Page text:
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Grand Prix winner and former Toro Rosso joint team owner, Gerhard Berger believes that there should be a more structured route for young drivers aiming for a career in Formula One.
The Austrian, who was appointed the FIA's Single Seat Commission President in 2012 believes that a more sustainable structure should be created in order that up and coming drivers are not spread out participating in various formulae around the world.
"The Commission looks at everything between karting and Formula One and I find that the pyramid at the moment is very loose," he told he FIA's InMotion magazine, "there are too many championships out there and attention between them is split too much.
"People are complaining that the best drivers are now all spread out and so you cannot look at the British Formula 3 Championship, for example, and say that he is certain to get to Formula One.
"These days the best drivers are all over the place: one in Formula 3, one in GP3, one in Formula Renault and one in Formula Abarth. The system no longer does what it is supposed to do, which is to give a highly talented driver a CV he can use to progress to Formula One."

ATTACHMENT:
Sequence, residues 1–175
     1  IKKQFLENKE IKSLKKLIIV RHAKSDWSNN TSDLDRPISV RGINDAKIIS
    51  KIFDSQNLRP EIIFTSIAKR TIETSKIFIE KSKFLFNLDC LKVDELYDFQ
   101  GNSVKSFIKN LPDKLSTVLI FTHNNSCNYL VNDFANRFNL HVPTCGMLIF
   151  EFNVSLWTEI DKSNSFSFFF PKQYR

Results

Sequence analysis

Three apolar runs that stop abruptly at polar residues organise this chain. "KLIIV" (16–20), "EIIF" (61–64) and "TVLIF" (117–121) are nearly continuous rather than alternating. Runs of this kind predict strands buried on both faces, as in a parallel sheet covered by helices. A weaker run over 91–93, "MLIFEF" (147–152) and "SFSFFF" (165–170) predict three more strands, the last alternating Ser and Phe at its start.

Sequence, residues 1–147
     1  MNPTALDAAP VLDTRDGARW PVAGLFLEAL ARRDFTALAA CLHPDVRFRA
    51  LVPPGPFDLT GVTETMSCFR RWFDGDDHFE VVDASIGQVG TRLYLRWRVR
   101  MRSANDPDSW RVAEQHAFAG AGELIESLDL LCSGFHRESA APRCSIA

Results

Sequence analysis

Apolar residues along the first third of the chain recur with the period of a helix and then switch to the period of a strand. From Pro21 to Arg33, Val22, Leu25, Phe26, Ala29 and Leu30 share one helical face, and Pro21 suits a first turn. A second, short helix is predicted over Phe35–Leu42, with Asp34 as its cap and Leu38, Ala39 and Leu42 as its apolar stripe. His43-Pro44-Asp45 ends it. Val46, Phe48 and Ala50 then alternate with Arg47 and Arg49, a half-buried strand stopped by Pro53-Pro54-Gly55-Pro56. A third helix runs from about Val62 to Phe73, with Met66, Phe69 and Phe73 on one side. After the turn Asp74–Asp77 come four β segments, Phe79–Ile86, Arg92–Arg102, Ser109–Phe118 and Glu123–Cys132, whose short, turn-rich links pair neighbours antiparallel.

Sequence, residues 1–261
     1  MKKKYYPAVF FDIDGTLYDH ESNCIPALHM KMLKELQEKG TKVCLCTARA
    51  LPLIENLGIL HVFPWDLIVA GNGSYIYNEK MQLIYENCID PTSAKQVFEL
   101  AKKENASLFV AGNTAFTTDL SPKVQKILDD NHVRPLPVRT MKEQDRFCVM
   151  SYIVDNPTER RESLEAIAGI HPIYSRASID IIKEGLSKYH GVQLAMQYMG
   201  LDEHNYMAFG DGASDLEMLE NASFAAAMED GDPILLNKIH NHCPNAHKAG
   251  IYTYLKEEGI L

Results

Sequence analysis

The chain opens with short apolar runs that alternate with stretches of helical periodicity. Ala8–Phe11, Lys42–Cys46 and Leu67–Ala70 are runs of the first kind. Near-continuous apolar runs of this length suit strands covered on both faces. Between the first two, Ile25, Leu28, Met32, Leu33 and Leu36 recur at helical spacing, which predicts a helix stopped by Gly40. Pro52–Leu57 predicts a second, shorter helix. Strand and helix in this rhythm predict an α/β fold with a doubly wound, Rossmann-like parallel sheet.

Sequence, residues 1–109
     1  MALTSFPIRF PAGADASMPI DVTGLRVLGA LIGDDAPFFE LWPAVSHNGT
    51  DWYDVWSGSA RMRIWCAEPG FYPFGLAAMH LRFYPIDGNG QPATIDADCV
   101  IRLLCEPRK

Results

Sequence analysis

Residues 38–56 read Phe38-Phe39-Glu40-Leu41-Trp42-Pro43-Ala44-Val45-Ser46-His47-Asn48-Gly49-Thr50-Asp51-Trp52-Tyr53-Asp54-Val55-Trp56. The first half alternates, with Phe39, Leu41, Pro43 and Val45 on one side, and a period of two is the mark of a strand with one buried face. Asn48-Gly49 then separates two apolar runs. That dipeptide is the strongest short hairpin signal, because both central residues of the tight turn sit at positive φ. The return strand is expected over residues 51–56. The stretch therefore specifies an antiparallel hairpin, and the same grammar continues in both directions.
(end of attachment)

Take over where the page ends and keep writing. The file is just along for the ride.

Berger, who enjoyed a fourteen season F1 career which included stints with Benetton, Ferrari and McLaren, finishing third in the championship twice, says his plan is to define regulations for a simple sequence of steps from karting to F1 and allow each nation, region or promoter establish a series utilising those rules in their own territory.
His first move in this process was to institute the FIA European F3 Championship, which in 2012 replaced the FIA Formula 3 Trophy and resumes next month.
Run to the former F3 Trophy regulations, and contested over ten rounds, the FIA European F3 Championship features three prizes offering winners test drives in machines including a Ferrari F1 car. Berger's next target is helping young drivers move from karting to slicks and wings racing.
While this is all very well, no matter how or where young drivers make it up the ladder, it is increasingly obvious that it is their funding - as opposed to outright talent - that will really open doors.
Furthermore, drivers 'converging' on F1 having made their names in different series on the way up is part of the magic when they finally arrive on the F1 grid.
Not content with its obsession with one-make series, the FIA now appears to be looking at one-series drivers.
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